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Channel 5
SP-34-Human rights and tobacco: progress and next steps for protecting populations from tobacco industry interference in child health
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query_builder 15:00 - 16:20 | Event time (GMT+2)
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SP-34-Human rights and tobacco: progress and next steps for protecting populations from tobacco industry interference in child health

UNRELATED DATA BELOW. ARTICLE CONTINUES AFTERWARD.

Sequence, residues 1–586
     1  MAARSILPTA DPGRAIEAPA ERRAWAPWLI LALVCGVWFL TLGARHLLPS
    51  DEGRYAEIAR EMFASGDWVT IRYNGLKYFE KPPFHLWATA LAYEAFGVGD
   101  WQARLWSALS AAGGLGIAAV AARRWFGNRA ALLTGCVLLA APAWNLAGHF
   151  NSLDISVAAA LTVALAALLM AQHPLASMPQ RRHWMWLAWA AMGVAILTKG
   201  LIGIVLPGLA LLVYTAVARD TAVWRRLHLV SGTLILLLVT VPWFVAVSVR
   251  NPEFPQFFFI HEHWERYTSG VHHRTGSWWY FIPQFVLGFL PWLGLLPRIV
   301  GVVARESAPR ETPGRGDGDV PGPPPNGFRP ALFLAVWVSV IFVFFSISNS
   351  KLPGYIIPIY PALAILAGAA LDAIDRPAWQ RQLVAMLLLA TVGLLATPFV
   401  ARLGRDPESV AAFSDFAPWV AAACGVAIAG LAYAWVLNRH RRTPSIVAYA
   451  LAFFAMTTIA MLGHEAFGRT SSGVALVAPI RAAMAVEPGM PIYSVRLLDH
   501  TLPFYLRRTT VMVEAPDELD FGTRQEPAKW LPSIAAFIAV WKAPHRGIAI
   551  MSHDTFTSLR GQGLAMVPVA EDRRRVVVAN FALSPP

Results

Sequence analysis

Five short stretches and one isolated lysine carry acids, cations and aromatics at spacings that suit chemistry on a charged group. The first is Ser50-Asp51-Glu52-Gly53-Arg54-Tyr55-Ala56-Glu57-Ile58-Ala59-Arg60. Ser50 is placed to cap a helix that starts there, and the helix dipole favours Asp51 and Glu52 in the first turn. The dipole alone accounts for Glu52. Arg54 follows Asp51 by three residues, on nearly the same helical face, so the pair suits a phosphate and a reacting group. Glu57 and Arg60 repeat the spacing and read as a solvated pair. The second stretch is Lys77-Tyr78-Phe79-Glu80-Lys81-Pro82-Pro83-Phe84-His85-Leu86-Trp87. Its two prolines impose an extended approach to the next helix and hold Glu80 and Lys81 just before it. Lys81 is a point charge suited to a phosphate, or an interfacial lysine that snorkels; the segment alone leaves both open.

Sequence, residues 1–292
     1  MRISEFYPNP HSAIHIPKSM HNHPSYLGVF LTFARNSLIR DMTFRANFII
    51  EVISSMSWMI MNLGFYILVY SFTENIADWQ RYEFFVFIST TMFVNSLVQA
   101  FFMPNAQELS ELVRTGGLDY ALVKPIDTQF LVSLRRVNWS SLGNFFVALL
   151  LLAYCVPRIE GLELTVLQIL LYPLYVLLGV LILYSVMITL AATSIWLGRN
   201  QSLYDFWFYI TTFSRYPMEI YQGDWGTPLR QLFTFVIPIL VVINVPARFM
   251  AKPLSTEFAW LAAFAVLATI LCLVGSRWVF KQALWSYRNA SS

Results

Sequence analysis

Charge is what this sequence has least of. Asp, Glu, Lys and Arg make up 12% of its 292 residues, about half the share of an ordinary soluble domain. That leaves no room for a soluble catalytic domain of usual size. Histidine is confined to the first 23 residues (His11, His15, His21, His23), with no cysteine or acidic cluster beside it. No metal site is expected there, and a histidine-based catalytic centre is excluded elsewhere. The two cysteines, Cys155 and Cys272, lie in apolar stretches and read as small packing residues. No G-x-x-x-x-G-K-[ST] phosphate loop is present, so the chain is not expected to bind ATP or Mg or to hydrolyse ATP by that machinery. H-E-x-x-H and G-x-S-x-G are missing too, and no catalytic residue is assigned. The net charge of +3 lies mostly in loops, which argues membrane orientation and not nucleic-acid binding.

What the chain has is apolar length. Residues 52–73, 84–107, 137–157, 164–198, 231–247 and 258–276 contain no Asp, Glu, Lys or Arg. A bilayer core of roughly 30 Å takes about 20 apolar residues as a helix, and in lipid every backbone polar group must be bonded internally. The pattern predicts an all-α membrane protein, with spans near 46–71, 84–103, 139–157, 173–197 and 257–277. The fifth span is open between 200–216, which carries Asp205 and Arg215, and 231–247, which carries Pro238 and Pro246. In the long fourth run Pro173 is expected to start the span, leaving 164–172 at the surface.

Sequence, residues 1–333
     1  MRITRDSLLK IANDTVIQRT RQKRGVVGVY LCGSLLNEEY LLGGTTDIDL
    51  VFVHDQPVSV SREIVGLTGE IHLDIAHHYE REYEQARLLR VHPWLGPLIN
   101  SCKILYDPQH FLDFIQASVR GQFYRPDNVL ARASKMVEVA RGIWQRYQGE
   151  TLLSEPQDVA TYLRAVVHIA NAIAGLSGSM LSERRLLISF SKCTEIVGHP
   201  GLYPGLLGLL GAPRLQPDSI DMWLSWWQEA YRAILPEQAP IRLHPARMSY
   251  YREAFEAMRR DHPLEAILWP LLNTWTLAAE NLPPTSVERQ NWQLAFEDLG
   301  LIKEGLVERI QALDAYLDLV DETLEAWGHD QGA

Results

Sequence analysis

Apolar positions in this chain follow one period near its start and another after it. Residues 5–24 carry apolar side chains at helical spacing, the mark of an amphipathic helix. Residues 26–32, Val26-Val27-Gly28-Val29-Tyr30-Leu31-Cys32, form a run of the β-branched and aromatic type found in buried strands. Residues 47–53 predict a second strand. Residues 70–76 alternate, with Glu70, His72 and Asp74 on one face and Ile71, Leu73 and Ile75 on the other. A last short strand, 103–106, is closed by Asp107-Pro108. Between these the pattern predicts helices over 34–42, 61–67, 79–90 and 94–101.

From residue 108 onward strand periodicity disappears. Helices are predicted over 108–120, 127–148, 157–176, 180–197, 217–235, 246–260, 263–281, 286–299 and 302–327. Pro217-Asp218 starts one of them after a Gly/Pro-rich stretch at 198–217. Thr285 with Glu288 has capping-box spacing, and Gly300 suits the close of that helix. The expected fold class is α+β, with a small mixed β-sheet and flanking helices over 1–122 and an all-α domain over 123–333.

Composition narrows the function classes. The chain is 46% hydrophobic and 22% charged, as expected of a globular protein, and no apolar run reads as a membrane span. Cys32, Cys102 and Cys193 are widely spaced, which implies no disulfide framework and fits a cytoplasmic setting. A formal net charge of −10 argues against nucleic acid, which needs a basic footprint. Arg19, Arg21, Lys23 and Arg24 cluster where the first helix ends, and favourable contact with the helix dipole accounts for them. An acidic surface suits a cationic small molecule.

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This session will focus on how stakeholders in health and human rights can use a human rights based approach to protect children’s rights and accelerate the implementation of tobacco control measures at national level. We will provide practical examples of how to use human rights mechanisms and human rights treaties as well as coordinated campaigns around national reporting obligations to human rights treaties.
 

15:00 - 15:05: Introduction